LA Times: “Through the darkness and drama, the questions about whether the Lakers’ luster was gone forever, remained the hope that a day like this would happen again. A championship. Confetti sprayed all over the court. A superstar puffing a cigar, grinning at what he’d done. On Sunday evening, the Lakers became champions for the 17th time with a 106-93 win over the Miami Heat in Game 6 of the NBA Finals. This time they did it in a gym shaped like Mickey Mouse with two superstars who came to resuscitate the franchise. Anthony Davis came because of LeBron James.”
OC Register: “James led Sunday’s attentive attack, with a full-steam-ahead triple-double: a team-high 28 points and 10 assists to go with 14 rebounds. The multi-talented 35-year-old was named Finals MVP, becoming the first player to earn the honor with three teams, having previously done it in 2012 and 2013 with the Heat and in 2016 with Cleveland. And in his 260th playoff game, James surpassed former Laker Derek Fisher for most postseason contests played in NBA history. He also improved his personal Finals record to 4-6, as one of only four players to appear in 10 or more NBA Finals series, along with Bill Russell, Sam Jones and Kareem Abdul-Jabbar.”
OC Register: And so in the most unpredictable, most emotionally taxing and most endurance-testing season any basketball team has ever played, the Lakers came out on top, 106-93, rolling over the Heat in the sixth game of the series with a thudding sense of finality to their 16-5 postseason run. There will be no historical arguments: The Lakers were the best team, and it was in the refrigerator by halftime, when they led by 28 points. It was the 17th championship in franchise history for an organization that grew used to winning, but slogged through a decade without a Finals appearance and six of those without even making the playoffs. James (28 points), in his 17th season, captained the effort for his fourth Finals MVP award – an honor he’s received along with every title he’s ever won at previous stints in Miami and Cleveland. But his fourth championship is one of his most defining: He became one of just four men in NBA history to win titles with three different franchises (teammate Danny Green also joined this club) and the only one of the quartet to be a foundational player on each of those teams.
OC Register: “Wherever Danny Green goes, championships seem to follow. “Been very lucky,” he said Sunday after the Lakers clinched the 2020 NBA title by beating the Miami Heat 106-93 in Game 6 of the NBA Finals – a feat that qualified Green and LeBron James among just four players who have won titles with three franchises. The other two members of the club: Robert Horry and John Salley. James’ previous titles came in 2012 and 2013 with the Heat and in 2016 with the Cleveland Cavaliers.”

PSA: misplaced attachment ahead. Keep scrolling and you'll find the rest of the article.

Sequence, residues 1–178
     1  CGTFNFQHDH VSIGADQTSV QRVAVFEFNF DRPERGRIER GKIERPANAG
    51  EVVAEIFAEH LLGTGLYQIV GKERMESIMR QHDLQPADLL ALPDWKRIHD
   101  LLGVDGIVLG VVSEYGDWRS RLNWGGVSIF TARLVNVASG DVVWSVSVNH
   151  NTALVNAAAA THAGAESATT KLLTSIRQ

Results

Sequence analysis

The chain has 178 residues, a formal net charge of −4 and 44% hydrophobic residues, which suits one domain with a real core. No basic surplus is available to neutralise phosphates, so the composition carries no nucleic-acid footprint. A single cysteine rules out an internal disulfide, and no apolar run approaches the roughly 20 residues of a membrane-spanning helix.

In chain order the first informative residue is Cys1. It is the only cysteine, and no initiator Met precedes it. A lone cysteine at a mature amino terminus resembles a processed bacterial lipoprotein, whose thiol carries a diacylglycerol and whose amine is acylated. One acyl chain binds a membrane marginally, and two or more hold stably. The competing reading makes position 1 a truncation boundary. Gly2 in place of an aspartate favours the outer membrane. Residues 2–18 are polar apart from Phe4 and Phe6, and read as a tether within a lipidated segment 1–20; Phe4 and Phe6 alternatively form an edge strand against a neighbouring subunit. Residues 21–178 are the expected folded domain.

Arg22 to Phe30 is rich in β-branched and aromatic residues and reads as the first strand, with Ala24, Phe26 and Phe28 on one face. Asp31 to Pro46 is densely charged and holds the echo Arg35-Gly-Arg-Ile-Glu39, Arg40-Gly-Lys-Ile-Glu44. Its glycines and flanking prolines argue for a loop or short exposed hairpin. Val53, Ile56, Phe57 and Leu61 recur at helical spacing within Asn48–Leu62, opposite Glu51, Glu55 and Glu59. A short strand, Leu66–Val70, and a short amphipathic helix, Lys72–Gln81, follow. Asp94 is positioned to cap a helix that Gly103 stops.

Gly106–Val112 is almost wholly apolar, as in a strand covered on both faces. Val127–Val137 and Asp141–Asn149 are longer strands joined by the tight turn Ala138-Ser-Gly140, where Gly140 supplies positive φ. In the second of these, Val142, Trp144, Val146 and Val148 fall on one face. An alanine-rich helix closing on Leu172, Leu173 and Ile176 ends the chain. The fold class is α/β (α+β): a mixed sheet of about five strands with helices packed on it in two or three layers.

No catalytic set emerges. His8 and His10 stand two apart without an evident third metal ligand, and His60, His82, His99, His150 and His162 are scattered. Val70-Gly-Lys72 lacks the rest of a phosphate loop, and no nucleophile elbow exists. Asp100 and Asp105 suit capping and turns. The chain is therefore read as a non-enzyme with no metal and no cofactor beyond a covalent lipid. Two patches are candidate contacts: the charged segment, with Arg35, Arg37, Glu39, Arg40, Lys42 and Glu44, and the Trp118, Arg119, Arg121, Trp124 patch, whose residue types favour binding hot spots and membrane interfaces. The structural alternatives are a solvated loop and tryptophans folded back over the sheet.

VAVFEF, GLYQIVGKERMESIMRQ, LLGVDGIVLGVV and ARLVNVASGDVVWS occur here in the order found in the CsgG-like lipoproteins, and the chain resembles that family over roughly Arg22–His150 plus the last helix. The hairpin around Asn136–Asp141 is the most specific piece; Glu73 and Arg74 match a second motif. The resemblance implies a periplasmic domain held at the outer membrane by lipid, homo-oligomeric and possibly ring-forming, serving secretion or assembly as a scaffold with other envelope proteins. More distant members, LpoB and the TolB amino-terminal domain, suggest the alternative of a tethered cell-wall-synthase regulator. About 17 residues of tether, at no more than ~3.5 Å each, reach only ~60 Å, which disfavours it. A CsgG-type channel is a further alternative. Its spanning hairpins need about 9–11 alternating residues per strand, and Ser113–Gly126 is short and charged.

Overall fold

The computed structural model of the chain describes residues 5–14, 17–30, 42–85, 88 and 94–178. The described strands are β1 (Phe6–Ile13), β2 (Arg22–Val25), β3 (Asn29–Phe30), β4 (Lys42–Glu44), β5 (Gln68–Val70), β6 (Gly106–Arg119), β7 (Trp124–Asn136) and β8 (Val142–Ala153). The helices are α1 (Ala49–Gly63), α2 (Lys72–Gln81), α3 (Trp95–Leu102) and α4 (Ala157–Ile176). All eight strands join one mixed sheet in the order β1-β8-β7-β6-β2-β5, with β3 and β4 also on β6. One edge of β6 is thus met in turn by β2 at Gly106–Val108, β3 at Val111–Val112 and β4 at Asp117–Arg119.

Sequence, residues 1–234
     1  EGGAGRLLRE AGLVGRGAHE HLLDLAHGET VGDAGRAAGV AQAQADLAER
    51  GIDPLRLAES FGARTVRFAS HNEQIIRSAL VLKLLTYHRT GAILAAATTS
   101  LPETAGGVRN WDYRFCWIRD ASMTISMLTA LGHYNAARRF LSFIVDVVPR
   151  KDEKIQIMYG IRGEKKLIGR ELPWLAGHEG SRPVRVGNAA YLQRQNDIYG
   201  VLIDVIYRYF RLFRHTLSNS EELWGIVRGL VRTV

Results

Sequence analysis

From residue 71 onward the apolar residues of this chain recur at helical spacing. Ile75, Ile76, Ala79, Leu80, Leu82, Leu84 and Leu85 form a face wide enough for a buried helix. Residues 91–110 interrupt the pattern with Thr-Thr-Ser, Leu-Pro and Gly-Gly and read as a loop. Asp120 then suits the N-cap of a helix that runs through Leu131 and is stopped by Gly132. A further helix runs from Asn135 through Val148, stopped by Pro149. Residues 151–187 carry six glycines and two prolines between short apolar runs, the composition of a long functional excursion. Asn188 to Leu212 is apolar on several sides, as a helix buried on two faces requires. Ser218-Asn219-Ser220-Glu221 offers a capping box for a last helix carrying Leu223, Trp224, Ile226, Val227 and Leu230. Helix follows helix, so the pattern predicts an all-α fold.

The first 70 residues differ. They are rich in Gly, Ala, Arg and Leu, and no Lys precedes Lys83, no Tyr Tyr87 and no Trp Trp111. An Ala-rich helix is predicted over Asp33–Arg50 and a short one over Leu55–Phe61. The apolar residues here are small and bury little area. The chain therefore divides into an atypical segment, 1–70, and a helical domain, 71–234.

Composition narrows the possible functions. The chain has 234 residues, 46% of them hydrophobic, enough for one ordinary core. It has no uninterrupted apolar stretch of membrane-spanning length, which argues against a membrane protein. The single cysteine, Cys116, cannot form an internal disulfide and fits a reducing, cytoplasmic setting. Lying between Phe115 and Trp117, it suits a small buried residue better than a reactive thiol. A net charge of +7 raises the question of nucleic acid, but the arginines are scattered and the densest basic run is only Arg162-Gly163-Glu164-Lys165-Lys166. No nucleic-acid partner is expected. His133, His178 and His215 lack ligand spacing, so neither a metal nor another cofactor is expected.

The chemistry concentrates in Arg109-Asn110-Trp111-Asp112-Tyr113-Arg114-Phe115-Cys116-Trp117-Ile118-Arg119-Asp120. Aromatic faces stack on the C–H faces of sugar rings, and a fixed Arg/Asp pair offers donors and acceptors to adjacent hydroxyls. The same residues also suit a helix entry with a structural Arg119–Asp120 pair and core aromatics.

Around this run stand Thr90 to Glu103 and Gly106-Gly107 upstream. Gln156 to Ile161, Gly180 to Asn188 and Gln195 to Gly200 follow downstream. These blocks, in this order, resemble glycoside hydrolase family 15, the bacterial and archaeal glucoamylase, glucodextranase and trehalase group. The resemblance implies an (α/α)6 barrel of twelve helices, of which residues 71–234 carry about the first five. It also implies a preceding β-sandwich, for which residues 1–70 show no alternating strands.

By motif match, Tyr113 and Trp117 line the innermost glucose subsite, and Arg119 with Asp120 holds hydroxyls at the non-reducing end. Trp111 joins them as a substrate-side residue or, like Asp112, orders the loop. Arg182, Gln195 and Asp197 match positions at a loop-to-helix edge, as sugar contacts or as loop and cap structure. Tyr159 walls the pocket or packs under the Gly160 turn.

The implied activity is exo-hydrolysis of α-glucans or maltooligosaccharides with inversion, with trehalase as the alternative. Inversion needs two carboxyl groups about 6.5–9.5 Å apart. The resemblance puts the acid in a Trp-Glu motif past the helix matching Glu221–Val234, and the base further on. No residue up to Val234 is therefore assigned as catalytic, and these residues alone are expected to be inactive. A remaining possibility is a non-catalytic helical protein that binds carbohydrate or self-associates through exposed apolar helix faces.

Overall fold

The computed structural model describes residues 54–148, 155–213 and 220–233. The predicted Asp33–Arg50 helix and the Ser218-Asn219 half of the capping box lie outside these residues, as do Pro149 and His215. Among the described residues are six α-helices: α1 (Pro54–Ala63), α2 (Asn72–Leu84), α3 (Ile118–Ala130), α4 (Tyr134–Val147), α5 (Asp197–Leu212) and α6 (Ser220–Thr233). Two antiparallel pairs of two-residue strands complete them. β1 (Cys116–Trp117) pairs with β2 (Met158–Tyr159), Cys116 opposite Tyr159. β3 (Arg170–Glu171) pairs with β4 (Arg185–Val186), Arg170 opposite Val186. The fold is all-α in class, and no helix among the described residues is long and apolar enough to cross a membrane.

OC Register: “Miami suffered the aftereffects of Erik Spoelstra’s decision to use only seven players in Game 5. They were shanking layups from the beginning. The Lakers’ venom came out when they saw Miami’s fatigue. They outscored Miami 14-0 in the paint in the first half, outscored Miami 14-0 on fast breaks, and held the Heat to 34.2 percent shooting. Miami’s offense was reduced to contortion. It was an awkward 22 for 42 in the paint. The Lakers eliminated all the comfortable catch-and-shoots, too. In the end, the Heat players looked like they were playing against Dad. Vogel set up the blowout with a move that can only come from a coach who is trusted. He started Caruso and benched center Dwight Howard. That allowed the Lakers to chase the shooters outside, to better handle pick-and-rolls, and to let Davis spread his wings at the rim.”
OC Register: “Bryant and his family were never far from the Lakers’ hearts and minds. “One, two, three Mamba,” they would chant, referring to his Black Mamba nickname, after putting their hands together before heading onto the court to start every game, every quarter, every half and after every timeout. “We didn’t let him down, we didn’t let him down,” center Anthony Davis said. “Ever since the tragedy, all we wanted to do was do it for him. We didn’t let him down. It would have been great to do it last game in his jerseys. But it made us come out more aggressive, more powerful on both ends of the floor to make sure we closed it out (Sunday). I know he’s looking down on us, proud of us. I know Vanessa (Bryant’s wife) is proud of us, the organization is proud of us. “It means a lot to us. He was a big brother to all of us. We did this for him.””
LA Times: “Lonzo Ball. Brandon Ingram. Josh Hart. The No. 4 pick. First-round picks that stretch into the middle of the decade. The Lakers traded a lot — some would say their future — for Anthony Davis. But the deal that netted them a championship, the franchise’s 17th, wasn’t a trade for the present. It was a deal for the future — the next great Laker celebrating a championship. Davis isn’t leaving. The way he’s played in his first season in purple and gold, it’s obvious he’s just getting started. He’s been the perfect partner for LeBron James and it’s hard to imagine a better situation.”
Sun Sentinel: “James closed with a triple-double Sunday, with 28 points, 14 rebounds and 10 assists, supported by 19 points and 15 rebounds from Davis. For the Heat, there were 25 points and 10 rebounds from Adebayo, as well as 12 points, eight assists and seven rebounds from Butler. Ultimately, the bubble burst Sunday for the Heat as the champagne flowed for the Lakers, a forgettable Heat night that followed an unforgettable season. “I told Coach Pat, I told Coach Spo I’m here to win one,” Butler said. “I didn’t do my job, so moving forward, I got to hold up my end of the bargain.”